This week in PR (15 May)

About the author

Richard Bailey Hon FCIPR is editor of PR Academy's PR Place Insights. He teaches and assesses undergraduate, postgraduate and professional students.

Next phase of existence. Channelling a super villain look. Triple filtered layered industrial chic. Forget Covid .. I’m ready for a limited tear gas attack. #dystopianfuture #greyhairs @markborkowski
Next phase of existence. Channelling a super villain look. Triple filtered layered industrial chic. Forget Covid .. I’m ready for a limited tear gas attack. #dystopianfuture #greyhairs @markborkowski

News in brief

  • Economy: The services sector shrunk by 1.9% in January-March, the steepest fall since 2008 – and it doesn’t even reveal the full effects of the lockdown which started in late March and which will be revealed in the April-June GDP statistics (Office for National Statistics).
  • Weber Shandwick is the latest international agency to announce cost-cutting measures including redundancies (PRovoke)
  • London is now Chinese-owned app TikTok’s second largest office in the world, after Los Angeles, reports CNBC.
  • Buzzfeed is to close its UK news operation, BBC reports.
  • The UK Influencer Study by Vuelio and Canterbury Christ Church University shows incomes were up in 2019, with one in five influencers saying it had become their main source of income.
  • Next week is #MentalHealthAwarenessWeek. It seems more relevant than ever this year.

Academic, education and training

  • Sarah Browning: Lessons learned (13 May)
    ‘The overall impact of such an effective and skilful approach to communication is that I feel as informed as I can be, without being overwhelmed. I trust the head and her team and believe her when she says we will get through this together.’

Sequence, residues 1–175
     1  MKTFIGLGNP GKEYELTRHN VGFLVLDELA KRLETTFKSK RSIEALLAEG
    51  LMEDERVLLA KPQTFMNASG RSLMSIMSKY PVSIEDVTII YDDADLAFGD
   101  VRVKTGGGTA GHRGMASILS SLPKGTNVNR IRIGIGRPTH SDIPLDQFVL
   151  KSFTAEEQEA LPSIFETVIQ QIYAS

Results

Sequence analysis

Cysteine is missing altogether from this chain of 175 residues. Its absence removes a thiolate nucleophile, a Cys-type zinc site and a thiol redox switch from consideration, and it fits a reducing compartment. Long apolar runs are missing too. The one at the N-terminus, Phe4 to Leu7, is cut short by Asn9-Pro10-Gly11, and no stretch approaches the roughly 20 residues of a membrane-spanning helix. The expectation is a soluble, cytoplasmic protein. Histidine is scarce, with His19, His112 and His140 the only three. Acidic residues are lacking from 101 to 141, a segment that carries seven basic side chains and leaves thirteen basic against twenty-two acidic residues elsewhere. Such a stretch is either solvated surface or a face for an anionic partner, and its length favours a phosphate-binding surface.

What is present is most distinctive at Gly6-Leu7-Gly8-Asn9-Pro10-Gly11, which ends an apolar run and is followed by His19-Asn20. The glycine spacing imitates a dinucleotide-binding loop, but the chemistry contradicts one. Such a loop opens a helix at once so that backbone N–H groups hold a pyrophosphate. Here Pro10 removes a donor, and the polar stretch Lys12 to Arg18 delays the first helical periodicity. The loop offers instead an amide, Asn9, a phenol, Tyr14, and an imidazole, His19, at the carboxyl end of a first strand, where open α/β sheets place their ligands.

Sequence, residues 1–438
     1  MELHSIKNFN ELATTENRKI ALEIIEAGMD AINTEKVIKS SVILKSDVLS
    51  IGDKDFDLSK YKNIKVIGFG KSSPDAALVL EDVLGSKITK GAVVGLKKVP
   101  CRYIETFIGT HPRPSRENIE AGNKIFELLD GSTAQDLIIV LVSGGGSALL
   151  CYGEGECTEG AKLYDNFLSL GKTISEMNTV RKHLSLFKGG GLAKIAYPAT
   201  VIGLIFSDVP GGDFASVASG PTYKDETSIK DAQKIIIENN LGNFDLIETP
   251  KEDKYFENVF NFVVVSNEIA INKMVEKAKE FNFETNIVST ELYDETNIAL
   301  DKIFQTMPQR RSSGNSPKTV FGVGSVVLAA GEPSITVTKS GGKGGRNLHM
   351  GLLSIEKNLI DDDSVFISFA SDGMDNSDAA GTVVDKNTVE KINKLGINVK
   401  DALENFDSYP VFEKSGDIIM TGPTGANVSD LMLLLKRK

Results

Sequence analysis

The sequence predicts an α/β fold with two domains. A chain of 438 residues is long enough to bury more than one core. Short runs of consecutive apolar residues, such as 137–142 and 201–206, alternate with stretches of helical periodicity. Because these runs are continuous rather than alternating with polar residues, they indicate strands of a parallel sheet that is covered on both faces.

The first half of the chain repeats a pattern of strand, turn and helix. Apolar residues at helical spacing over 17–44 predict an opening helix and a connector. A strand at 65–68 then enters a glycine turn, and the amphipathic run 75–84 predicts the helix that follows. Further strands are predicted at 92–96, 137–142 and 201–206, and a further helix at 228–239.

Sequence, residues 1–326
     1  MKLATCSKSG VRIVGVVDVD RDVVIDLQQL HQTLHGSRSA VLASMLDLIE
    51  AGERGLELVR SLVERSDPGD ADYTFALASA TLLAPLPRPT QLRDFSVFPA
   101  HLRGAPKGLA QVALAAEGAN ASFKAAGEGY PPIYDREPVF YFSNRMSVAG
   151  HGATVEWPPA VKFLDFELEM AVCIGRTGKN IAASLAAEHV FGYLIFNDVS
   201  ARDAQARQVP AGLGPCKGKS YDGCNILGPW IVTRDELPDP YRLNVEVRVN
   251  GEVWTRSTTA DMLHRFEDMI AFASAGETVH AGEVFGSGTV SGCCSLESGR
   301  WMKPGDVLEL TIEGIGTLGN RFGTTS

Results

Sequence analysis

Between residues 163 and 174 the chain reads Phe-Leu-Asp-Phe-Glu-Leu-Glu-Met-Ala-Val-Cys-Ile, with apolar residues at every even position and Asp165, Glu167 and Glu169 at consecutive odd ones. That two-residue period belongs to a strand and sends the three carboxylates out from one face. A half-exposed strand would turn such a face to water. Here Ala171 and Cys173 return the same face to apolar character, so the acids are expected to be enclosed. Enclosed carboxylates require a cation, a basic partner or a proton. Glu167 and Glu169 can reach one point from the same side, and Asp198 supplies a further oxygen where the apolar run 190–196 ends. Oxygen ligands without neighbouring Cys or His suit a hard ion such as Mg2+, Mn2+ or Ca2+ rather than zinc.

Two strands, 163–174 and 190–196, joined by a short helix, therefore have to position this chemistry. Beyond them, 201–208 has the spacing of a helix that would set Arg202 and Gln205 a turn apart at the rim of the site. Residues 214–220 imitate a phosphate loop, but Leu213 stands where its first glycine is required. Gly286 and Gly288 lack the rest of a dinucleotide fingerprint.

Covid-19 comms

  • Kate Hartley: Why do people flout the lockdown guidelines? Lessons from 1940 (no date)
    ‘How do you communicate with a group of people who believe they are immune? Scaring them won’t help. Nor will giving them autonomy to decide what’s acceptable. Perhaps it is communicating a sense of collective responsibility that will do it.’
  • Tony Langham with Jane Stevensen: Sustainability now and post Covid-19 [podcast] (no date)
    ‘The critical question now is: what is the environment going to do to my business – and that makes businesses look very hard at their strategies for growth over the coming five or ten years.’
  • Sheena Thomson: Be Alert: A pragmatic approach (12 May)
    ‘There is no pleasure writing any of this. The nation needs reassurance to help return to its ‘new normal’.   It shouldn’t be like this: we shouldn’t be joking about something this serious.’
  • Gavin Devine: Covid-19: The UK Government’s Communications Own Goal (12 May)
    ‘Floating ideas and messages before a big announcement is sometimes a really good idea. You can test what works, build excitement and avoid surprises. But in a situation like this – literally life and death – allowing speculation to mount at the end of last week… was a catastrophically dumb idea.’
  • David Gallagher: Expert Insight: Industry Snapshot (12 May)
    ‘I’ve heard CEOs say this is the most challenging situation of their professional careers. I think those most likely to succeed are those emerge with a clear sense of why their business exists and how to deliver on what the world — not just shareholders — expect.’
  • Shavaun Glen: Wanting to be right (11 May)
    ‘We each bring our lived experience, political bias, knowledge, expectations, and a whole lot more to every interaction we have. It is hard to part company with our deeply held beliefs and values.’
  • David Brain: Can Tories only communicate well in elections? (11 May)
    ‘These are the slides your intern puts together when they are desperately trying to pretend they are working for McKinsey, not your communications agency.  These are the interns that don’t make it.’